A nuclear reactor is used as an energy source for the ion engine is capable to bring space exploration to a new level. The principle of operation of the engine is the gas ionization and its acceleration by an electrostatic field to high speeds exceeding 210 km / s, which is much larger than that of classical chemical rocket engines (3-4.5 km / s). At present, ion engines are widely used in space vehicles. However, this is basically low-power power plants with a weak draft, as an ion engine requires a lot of electricity, measured in hundreds of kilowatt-hours. Also, the nuclear reactor may heat the hydrogen up to several thousand degrees and give more reactive thrust, with no need to use an oxidizing agent. In any kind of space nuclear reactor can provide the spacecraft with the necessary energy, thrust and provide a quick flight to the most remote corners of the solar system, where too little sunlight to use solar panels"

Offline john smith 19

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Re: Are there plans for a nuclear reactor in space?
« Reply #7 on: 01/16/2012 10:42 AM »
I wonder if there are plans to build a nuclear reactor in space, like you see on a submarine? I am not thinking about propulsion, but rather to use the energy from a small reactor to power life support and a magnetic field around the spacecraft.

Plans yes.

Actual built hardware. No.

The US built and flew a SNAP 10A reactor rated c500W in the mid 1960's. The FSU ran ones for their naval reconnaissance radar satellite programme (one of which smeared itself across Canada in the late 70's) rated at a few Kw and their TOPAZ design hit 6Kw and has also been flight tested.

All of these fall *far* short of the 100Kw system Robert Zubrin required for his proposed Mars missions. The NASA SAFE400 (100Kwe) is at this scale but funding is limited.
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Offline Patchouli

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Re: Are there plans for a nuclear reactor in space?
« Reply #8 on: 01/16/2012 03:07 PM »
I wonder if there are plans to build a nuclear reactor in space, like you see on a submarine? I am not thinking about propulsion, but rather to use the energy from a small reactor to power life support and a magnetic field around the spacecraft.

Plans yes.

Actual built hardware. No.

The US built and flew a SNAP 10A reactor rated c500W in the mid 1960's. The FSU ran ones for their naval reconnaissance radar satellite programme (one of which smeared itself across Canada in the late 70's) rated at a few Kw and their TOPAZ design hit 6Kw and has also been flight tested.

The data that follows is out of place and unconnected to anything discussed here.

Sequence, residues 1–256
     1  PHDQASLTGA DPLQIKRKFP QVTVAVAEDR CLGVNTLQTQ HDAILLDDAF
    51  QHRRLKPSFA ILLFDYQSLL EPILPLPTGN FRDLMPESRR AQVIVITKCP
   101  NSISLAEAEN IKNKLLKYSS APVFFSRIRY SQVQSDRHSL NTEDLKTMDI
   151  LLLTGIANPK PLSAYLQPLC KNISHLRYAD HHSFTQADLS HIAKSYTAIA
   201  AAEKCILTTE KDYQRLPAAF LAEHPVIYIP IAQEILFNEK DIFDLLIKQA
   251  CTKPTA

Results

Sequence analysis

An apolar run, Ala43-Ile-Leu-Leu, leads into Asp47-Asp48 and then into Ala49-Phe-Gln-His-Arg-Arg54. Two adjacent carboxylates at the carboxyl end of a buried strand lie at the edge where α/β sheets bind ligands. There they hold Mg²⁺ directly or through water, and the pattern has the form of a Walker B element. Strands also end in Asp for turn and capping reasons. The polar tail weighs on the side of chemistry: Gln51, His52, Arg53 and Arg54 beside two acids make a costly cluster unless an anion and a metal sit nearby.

All of these fall *far* short of the 100Kw system Robert Zubrin required for his proposed Mars missions. The NASA SAFE400 (100Kwe) is at this scale but funding is limited.

It should be noted SNAP-10A was thermal electric which is only 2 to 6% efficient vs 30+% percent efficiency for a good Rankine cycle setup.
If it had a Rankine turbine it would have been a  6 to 12.6 KW power source depending on a 20 to 42 % efficiency.
Still the lack of a reactor is an elephant in the room issue for any serious BEO exploration.

No solar is not workable on Mars or the Moon.
Mars has dust storms and a crew cannot go into hibernation like a rover and the Moon has that pesky 14 day night.
« Last Edit: 01/16/2012 03:19 PM by Patchouli »

Offline Robotbeat

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Re: Are there plans for a nuclear reactor in space?
« Reply #9 on: 01/16/2012 05:46 PM »
...
No solar is not workable on Mars or the Moon.
Mars has dust storms and a crew cannot go into hibernation like a rover and the Moon has that pesky 14 day night.
It's not as simple as that.
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Offline Patchouli

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Re: Are there plans for a nuclear reactor in space?
« Reply #10 on: 01/16/2012 06:02 PM »
...
No solar is not workable on Mars or the Moon.
Mars has dust storms and a crew cannot go into hibernation like a rover and the Moon has that pesky 14 day night.
It's not as simple as that.

I forget to mention there's also lighting condition due to the terrain.
MSL for example will be able to go places the MER rovers could not due to solar exposure.

Though there are workarounds for example ISRU and methane storage can make things less of a problem for solar on Mars.

There also are the perpetually sun lite peaks on the Moon but this would limit you to those regions.
I'd want full global lunar operational capability.

A work a around for solar on the Moon might be a SPS at L1 or L2 and beam the power to the surface base.

A good space reactor solves all these issues in an elegant and robust fashion.
« Last Edit: 01/16/2012 06:12 PM by Patchouli »